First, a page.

NYU Langone School of Medicine New York, NY, United States
Award: Presidential Poster Award
Kevin Lin, MD, Vita Jaspan, MD, David Pineles, MD, Harjit Kaur, MD, Violeta Popov, MD, PhD NYU Langone School of Medicine, New York, NY
Introduction: Obesity affects over 40% of US adults, contributing to increased morbidity and mortality through associated comorbidities. Lifestyle modifications, medications, and bariatric surgery have traditionally been the therapeutic approaches to obesity. However, intragastric balloons (IGB) have also emerged as a treatment option, especially for people with class I or II obesity. New safety data is being reported for IGB. We present a case of a IGB placement for treatment of class II obesity, complicated by left (L.) sided hydroureteronephrosis.
Case Description/Methods: A 34-year-old female with obesity (BMI: 35.31 kg/m2), hepatic steatosis and depression underwent successful placement of an Orbera IGB filled with 600ml normal saline. Initial endoscopy (EGD) was notable for a 2cm hiatal hernia, normal stomach and examined portions of the duodenum. She was discharged with aprepitant and ondansetron for nausea. The patient presented one day later with diffuse, crampy abdominal pain and difficulty urinating after IGB placement. Initial labs were notable for a mild increase in serum lipase to 118 u/L. CT imaging showing a distended IGB exerting mass effect on the L. ureter leading to mild left hydroureteronephrosis (Fig 1a,b). Imaging was not consistent with pancreatitis. She denied any flank pain, urine analysis was negative for infection, and her creatinine was 0.9mg/dl. She did not improve with conservative management and 24 hours after admission underwent an EGD. Endoscopy revealed clear gastric fluid and an intact IGB in the antrum of her stomach. The IGB was deflated and removed. The immediate post-EGD ultrasound showed mild hydronephrosis of the lower pole of the L. kidney (Fig 2a). The patient’s difficulty urinating resolved, and she was discharged. Repeat ultrasound one month following IGB removal showed resolution of hydronephrosis (Fig 2b).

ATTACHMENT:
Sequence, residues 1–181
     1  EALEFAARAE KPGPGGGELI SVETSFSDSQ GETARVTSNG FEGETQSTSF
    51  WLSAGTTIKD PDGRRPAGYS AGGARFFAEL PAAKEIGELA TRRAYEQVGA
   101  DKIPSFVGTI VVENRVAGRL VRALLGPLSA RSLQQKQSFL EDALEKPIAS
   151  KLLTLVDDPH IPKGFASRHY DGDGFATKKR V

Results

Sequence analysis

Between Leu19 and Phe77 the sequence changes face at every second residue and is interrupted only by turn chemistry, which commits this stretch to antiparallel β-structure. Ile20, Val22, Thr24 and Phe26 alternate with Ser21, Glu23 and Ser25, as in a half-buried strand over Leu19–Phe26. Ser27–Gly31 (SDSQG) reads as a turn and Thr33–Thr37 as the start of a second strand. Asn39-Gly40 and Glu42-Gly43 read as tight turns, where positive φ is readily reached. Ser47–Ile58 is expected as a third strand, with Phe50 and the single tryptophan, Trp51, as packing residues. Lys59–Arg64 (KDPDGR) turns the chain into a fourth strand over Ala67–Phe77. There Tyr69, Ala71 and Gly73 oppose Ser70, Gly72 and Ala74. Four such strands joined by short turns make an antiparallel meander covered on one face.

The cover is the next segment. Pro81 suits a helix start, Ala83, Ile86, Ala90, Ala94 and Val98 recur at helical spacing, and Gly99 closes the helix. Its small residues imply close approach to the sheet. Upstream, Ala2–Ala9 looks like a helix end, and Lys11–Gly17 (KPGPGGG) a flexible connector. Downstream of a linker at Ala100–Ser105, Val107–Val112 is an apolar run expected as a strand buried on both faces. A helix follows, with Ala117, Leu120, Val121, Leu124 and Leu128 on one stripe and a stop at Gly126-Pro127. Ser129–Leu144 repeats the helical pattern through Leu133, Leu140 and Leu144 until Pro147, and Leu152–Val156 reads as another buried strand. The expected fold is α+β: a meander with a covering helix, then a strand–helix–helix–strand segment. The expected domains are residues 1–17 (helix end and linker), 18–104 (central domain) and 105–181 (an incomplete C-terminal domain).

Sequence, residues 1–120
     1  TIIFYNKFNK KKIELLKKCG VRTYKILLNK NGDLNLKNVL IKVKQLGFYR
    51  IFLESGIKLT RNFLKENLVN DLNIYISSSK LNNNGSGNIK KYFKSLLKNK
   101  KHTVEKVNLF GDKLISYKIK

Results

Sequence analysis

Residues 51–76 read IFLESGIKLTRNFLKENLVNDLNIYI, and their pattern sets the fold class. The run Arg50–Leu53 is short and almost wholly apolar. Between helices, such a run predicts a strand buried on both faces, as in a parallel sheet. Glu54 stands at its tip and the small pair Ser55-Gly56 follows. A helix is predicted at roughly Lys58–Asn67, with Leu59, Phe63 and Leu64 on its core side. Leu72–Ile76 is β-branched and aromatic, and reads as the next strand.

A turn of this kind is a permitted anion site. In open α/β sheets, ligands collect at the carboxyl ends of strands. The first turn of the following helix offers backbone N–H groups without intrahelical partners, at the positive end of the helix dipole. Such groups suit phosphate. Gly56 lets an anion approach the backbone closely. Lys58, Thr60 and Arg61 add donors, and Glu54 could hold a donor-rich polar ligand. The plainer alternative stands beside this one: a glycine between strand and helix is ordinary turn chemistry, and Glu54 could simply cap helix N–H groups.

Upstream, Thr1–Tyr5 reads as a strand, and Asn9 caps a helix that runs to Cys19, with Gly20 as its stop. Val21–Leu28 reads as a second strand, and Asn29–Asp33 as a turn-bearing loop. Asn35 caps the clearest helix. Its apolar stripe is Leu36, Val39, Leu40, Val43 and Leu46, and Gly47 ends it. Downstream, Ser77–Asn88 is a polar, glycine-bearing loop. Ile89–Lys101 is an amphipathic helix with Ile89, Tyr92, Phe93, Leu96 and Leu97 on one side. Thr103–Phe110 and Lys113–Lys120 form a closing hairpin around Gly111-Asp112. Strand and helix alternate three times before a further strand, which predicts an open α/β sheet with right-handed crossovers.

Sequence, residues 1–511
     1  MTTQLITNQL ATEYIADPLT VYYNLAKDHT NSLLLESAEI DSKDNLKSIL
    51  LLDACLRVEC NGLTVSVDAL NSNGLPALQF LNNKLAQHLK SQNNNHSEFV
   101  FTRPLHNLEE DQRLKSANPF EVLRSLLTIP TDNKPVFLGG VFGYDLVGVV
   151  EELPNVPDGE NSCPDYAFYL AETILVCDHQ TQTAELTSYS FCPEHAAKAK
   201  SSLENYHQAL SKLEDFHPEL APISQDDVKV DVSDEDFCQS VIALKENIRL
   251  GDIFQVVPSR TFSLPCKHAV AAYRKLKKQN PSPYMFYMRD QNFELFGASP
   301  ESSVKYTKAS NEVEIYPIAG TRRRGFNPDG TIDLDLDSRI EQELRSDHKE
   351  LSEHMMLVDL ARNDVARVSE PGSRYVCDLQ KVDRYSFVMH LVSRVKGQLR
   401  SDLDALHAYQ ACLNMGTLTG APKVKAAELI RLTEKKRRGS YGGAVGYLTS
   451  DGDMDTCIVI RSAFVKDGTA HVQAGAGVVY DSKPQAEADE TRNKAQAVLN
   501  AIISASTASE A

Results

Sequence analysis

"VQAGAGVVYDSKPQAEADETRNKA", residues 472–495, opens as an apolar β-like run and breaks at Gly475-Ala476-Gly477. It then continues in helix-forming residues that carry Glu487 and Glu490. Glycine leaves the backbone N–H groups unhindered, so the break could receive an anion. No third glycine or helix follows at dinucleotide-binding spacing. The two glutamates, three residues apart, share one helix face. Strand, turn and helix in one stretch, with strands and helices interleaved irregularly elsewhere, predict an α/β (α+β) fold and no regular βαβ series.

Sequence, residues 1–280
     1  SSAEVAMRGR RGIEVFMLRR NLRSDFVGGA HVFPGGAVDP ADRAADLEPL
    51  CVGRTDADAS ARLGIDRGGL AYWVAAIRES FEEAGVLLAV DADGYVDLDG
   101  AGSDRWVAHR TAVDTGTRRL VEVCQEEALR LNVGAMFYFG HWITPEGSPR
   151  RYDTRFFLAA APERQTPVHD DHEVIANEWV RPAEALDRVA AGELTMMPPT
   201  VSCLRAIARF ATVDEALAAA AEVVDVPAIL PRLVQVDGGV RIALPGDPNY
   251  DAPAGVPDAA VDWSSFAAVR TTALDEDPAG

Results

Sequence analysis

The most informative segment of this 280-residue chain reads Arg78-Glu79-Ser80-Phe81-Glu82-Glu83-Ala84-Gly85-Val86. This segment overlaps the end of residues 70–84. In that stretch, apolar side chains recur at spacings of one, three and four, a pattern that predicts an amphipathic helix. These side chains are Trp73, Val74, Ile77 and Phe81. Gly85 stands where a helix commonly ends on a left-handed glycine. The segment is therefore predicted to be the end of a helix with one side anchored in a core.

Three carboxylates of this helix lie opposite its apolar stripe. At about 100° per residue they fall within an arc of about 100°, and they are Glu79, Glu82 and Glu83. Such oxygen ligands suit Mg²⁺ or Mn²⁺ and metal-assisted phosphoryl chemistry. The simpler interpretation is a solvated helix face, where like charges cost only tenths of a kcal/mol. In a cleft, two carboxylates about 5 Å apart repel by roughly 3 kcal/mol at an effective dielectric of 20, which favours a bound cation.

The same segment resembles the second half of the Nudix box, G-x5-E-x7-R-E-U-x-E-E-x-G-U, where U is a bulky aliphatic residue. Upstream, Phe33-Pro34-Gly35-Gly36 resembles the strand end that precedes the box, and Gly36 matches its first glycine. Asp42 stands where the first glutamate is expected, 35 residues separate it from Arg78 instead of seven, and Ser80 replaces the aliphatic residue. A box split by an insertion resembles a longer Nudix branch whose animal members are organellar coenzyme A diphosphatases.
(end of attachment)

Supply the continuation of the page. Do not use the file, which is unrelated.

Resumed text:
Discussion: To our knowledge this is the first reported case of an IGB causing hydroureteronephrosis secondary to mass effect. However, there are reports of other mass effect complications due to IGB. Risk of acute pancreatitis in IGB is thought to be from pressure from the balloon and distended stomach causing direct pancreatic injury. Renal vein compression by IGB has also been described. While serious adverse events are rare and IBG remain one of the safest bariatric treatments available, this case underscores the need for further research on the side effect profile of IGBs and close follow-up after balloon placement.
Figure: Fig 1: CT Abdomen and Pelvis showing compression of the L. ureter by the IGB with narrowing of the proximal L. ureter as indicated by the arrow (a) axial view (b) sagittal view Fig 2 (a) Ultrasound of the lower pole of the L. kidney immediately post-IGB removal showing mild dilation of the renal collecting system (arrow) consistent with mild L. hydronephrosis (b) Ultrasound of the lower pole of the L. kidney 1-month post-IGB removal with resolution of hydronephrosis
Disclosures: Kevin Lin indicated no relevant financial relationships. Vita Jaspan indicated no relevant financial relationships. David Pineles indicated no relevant financial relationships. Harjit Kaur indicated no relevant financial relationships. Violeta Popov: MicroTech – Grant/Research Support.
Kevin Lin, MD, Vita Jaspan, MD, David Pineles, MD, Harjit Kaur, MD, Violeta Popov, MD, PhD. P2982 - A Case of Hydroureteronephrosis Secondary to an Intragastric Balloon, ACG 2021 Annual Scientific Meeting Abstracts. Las Vegas, Nevada: American College of Gastroenterology.